IFFTI Conference 2
IFFTI Conference Day 2

For many people attending, this was their very first in-person conference since the pandemic. It became apparent that many had missed sharing a physical space with other fashion researchers and academics, and they all seemed very excited to get together to share ideas and foster new collaborations.

Jan Tepe, a Doctoral Researcher in Fashion Design at the University of Borås in Sweden, who also received two awards at the conference, commented on his experience:

"It is really nice to be at conferences like this one where I can engage with other researchers and have the chance to share my knowledge and my research. I enjoyed the conference a lot, it is my first big conference post-Covid, and it’s been great. It’s fantastic to meet people in person and it’s been well organised. It’s exciting to hear about the research of others, sharing knowledge and ideas, and I have potential future collaborations on the horizon thanks to this event which is fantastic. There have been plenty of different presentations at the conference that have inspired me, and it has been interesting to see how different ideas are contributing to the same situation, allowing for different angles to emerge on how we can continue from here on.”

Noël Palomo-Lovinski, Associate Director and Professor at Kent State University School of Fashion in Ohio, USA, and Executive Board Member of IFFTI, said:

“The conference has been great. It’s always nice to come to IFFTI conferences. I think in general they are always very open and friendly, there’s a lot of sharing of ideas which I really like. It’s a good continuation of community and relationships, getting to speak to people you haven’t seen in a while. I really enjoyed the keynote speech by Tom Waller from Adidas and Tilak Dias from NTU - he was fascinating - and the one about African fashion too. I think it’s interesting to hear the very different perspectives on everything from teaching to sustainability and how you approach those things. That’s what you come to a conference for.”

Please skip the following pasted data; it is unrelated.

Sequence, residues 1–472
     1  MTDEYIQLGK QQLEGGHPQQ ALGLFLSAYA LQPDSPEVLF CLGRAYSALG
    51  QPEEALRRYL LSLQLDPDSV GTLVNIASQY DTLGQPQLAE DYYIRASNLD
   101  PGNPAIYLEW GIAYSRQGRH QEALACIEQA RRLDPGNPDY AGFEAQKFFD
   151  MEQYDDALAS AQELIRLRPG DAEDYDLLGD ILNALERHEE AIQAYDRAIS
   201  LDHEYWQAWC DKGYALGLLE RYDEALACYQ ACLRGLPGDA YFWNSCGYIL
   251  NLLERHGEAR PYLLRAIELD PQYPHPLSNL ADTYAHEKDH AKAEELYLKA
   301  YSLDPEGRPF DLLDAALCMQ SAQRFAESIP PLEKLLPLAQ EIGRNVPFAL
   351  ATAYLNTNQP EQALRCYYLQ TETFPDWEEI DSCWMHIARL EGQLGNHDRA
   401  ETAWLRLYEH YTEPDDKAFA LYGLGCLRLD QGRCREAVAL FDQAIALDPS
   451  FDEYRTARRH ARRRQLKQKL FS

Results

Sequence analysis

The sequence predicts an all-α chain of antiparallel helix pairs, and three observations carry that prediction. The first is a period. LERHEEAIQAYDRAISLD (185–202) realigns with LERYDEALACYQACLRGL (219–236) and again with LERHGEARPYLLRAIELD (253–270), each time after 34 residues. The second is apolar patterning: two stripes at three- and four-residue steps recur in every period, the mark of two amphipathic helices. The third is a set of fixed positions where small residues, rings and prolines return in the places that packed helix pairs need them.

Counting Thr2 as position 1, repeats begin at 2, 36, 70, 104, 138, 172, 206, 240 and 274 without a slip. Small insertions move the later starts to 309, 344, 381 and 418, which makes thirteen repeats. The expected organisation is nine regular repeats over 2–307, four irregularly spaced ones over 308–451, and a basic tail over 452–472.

Professor Sushil Raturi, from the National Institute of Fashion Technology in Mumbai, India, commented:

“Normally, when we go to any conferences, we find that the involvement is very formal – there is not too much interaction between the panelists and the participants, so there is a boundary. But that boundary, I have not seen here. It has been so easy to interact with the panel members and the moderators, and all the other IFFTI members. The environment means you are free to interact with anybody, and that’s been the best part.

Professor Raturi added: “The type and variety of papers that we’ve seen has been great – I learned about the new concept of protest clothing, and how the concept of unisex clothing is very similar in the European market, the US and the Asian market. In terms of the involvement; super. In terms of the content of the presentations; super. In terms of the wide variety of topics; it was excellent, so overall I feel delighted, and I look forward to coming back to NTU again for any other conferences.”

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NTU’s IFFTI conference reimagines the established worlds of fashion and textiles – bringing forward a new era in fashion

Published on 11 April 2022
  • Category: Research; School of Art & Design